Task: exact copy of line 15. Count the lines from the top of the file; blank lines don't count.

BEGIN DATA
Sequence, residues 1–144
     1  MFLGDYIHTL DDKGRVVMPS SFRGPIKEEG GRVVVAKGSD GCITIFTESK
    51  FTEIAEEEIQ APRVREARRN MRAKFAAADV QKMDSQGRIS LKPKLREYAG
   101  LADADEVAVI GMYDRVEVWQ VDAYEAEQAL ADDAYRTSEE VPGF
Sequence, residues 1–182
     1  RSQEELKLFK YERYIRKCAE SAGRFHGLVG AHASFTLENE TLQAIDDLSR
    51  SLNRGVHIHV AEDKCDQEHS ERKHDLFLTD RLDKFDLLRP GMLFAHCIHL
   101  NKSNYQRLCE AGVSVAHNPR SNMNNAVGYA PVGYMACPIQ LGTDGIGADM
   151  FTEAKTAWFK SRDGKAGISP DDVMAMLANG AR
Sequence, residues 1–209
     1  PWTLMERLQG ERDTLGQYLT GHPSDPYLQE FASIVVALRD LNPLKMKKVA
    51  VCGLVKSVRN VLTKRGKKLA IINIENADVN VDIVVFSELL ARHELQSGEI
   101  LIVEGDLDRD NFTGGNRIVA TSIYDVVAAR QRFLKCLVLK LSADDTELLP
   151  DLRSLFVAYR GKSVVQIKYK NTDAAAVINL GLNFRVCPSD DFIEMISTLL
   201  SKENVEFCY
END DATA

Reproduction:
   201  SKENVEFCY